Similar to previous Bradley infantry fighting vehicles, Ukraine is also looking for ways to increase the survivability of Abrams.

As part of the military aid package for Ukraine, the US transferred to its ally a total of 31 M1A1 Abrams tanks. However, there is no public information showing that these tanks have been equipped with additional dynamic protection systems. This decision to provide M1A1 tanks, instead of the more modern M1A2 variants, was made to facilitate faster delivery and to align with the capabilities and logistical support available in Ukraine.

Similar to previous Bradley infantry fighting vehicles, Ukraine is also looking for ways to increase the survivability of Abrams. A video provided by Ukrainian sources shows an upgrade of M1A1 Abrams tanks with the blocks of dynamic protection, which are the first generation M-19 ARAT (Abrams Reactive Armor Tiles). This enhancement is aimed at bolstering the tanks’ defenses against the evolving threats on the Ukrainian battlefield.

The M1A1 Abrams tank, an improved version of the M1 Abrams, is equipped with sophisticated composite armor for protection. This armor, known as Chobham armor, is a composite armor that incorporates materials such as ceramics and metal alloys. It’s known for its effectiveness against a variety of anti-tank threats, including kinetic energy penetrators and chemical energy heat rounds. The Chobham armor is a significant aspect of the M1A1 Abrams, contributing to its reputation as a highly protected main battle tank. This advanced armor system is a key feature that has been consistently upgraded in various versions of the Abrams tanks to enhance their battlefield survivability.

Historically, urban and other close battlefields have been poor places for tanks to fight. A tank’s front armor is much stronger than that on the sides, top, or rear. In an urban environment, attacks can come from any direction, and attackers can get close enough to reliably hit weak points in the tank’s armor or gain sufficient elevation to hit the top armor.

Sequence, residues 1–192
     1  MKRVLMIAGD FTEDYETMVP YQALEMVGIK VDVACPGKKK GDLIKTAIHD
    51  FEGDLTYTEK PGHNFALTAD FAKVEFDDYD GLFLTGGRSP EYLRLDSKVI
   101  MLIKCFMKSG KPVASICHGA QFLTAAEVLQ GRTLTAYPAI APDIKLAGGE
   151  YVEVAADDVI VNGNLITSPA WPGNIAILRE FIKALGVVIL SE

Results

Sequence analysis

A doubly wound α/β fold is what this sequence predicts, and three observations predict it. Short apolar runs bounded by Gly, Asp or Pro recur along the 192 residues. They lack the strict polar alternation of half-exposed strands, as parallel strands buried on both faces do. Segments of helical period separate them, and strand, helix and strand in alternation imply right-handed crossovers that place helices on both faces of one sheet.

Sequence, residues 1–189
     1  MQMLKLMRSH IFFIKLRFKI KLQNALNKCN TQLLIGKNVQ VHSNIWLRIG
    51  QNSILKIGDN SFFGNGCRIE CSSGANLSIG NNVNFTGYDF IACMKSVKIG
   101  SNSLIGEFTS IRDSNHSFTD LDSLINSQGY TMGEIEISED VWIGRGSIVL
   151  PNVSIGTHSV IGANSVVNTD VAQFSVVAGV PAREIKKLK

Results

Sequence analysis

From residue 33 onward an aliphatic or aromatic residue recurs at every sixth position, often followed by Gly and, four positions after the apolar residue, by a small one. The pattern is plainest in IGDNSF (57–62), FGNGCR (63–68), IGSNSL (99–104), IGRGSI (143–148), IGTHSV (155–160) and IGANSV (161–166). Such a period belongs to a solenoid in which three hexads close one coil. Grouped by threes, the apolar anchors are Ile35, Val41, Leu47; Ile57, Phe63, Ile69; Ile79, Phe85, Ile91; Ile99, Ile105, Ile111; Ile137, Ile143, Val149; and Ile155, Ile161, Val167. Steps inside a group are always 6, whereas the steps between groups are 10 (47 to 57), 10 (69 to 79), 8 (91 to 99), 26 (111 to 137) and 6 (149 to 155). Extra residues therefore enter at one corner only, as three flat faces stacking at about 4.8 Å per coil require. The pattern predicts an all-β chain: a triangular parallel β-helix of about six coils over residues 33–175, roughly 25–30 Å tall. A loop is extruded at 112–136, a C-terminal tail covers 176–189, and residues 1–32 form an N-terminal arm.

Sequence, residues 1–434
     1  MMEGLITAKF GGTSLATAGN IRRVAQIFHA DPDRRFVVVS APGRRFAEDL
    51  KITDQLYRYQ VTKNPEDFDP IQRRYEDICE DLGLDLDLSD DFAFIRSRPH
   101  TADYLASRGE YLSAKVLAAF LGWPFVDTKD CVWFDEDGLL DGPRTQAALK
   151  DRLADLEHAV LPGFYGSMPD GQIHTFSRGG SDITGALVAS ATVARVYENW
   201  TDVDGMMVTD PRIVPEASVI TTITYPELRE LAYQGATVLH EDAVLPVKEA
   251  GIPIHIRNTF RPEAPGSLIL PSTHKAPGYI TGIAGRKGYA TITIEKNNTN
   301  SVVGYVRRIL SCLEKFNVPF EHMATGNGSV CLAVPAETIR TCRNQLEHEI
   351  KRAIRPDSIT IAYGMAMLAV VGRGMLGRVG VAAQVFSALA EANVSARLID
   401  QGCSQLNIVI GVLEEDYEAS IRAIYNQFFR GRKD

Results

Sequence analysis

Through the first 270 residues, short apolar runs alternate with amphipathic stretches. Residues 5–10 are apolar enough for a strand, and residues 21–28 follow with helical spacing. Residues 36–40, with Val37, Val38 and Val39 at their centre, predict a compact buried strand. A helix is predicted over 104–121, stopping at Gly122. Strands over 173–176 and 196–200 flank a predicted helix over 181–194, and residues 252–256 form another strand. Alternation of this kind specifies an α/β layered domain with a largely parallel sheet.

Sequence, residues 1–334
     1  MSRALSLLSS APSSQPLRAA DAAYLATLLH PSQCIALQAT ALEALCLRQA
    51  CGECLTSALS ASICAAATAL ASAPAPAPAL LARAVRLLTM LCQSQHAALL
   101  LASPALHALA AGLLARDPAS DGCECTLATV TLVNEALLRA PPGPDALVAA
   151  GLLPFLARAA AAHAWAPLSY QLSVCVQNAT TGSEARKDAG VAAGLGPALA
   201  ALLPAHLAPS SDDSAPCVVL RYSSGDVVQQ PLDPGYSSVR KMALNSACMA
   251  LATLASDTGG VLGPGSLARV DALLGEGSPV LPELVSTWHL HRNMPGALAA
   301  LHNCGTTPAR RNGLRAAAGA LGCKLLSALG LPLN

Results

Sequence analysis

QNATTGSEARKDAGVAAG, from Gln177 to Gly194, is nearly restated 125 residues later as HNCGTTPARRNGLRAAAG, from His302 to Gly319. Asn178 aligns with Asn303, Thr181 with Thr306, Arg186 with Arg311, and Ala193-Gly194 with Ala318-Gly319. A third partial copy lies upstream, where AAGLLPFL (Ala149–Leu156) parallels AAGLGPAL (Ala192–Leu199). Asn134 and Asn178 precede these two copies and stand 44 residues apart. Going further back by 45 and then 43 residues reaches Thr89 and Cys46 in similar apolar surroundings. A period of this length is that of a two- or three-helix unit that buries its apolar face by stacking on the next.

Leaked images of Ukraine’s new Abrams show that ARAT dynamic protection elements have been installed on the tank’s side skirts. The explosive-filled packages could help the tanks stand up to increasingly advanced tanks and anti-tank munitions. Derived from combat experiences in Iraq, in 2004, the dynamic Abrams Reactive Armor Tiles protection system, the ARAT, was explicitly crafted to safeguard the M1A1 and M1A2 Abrams tanks. Its design foundation rests on the successful Bradley Reactive Armor Tiles (the BRAT), a robust defensive system utilized for Bradley Infantry Vehicles.

In its first generation called ARAT-1, modules known as M19 were incorporated. Although explicit data about its defensive capabilities remains undisclosed, it’s widely inferred that it fortifies against cumulative ammunition, rendering protection levels up to 70% of the tank’s primary armor.

The M-19’s modular and lightweight design allows for manual installation, facilitating easy application and adaptation based on changing battlefield conditions or specific mission needs. It can be applied to various parts of a vehicle, such as the hull, skirt, or turret, offering enhanced protection against shape charge threats, particularly in urban combat scenarios.

Notably, the M-19 technology is highly reliable and has maintained a clean safety record across training, field operations, and combat situations. It does not require maintenance, power, or sensors, and its handling requirements are akin to those of ammunition, allowing for joint handling and storage. The design minimizes collateral damage, with rigorous analysis and testing ensuring the prevention of adjacent module detonation during an attack and directing the response towards the incoming threat.

This armor system complies with MIL-STD 2105 IM requirements and has undergone extensive testing against small arms to verify its insensitivity to bullet and fragment impacts. It is also fully self-extinguishing, adding another layer of safety and reliability to its design.

While Ukraine’s Abrams have not actually participated in combat, mud problems could be an obstacle for the 68-ton tanks coming from the US. Its 1,500 horsepower turbine engine is also a real thirster. It also requires constant cleaning. Maintaining the Abrams, and keeping spare parts and fuel readily available — will also limit how and when the Abrams is used.

Regardless of how Ukraine uses the Abrams next, its long-term success may be more reliant on what other Western weaponry is delivered. It most recently struck with new long-range missiles, the secretly acquired MGM-140 Army Tactical Missile Systems (ATACMS) that hit Russian bases behind lines. How the Abrams will be useful later on, of course, depends on whether Ukraine is given what it needs to win.


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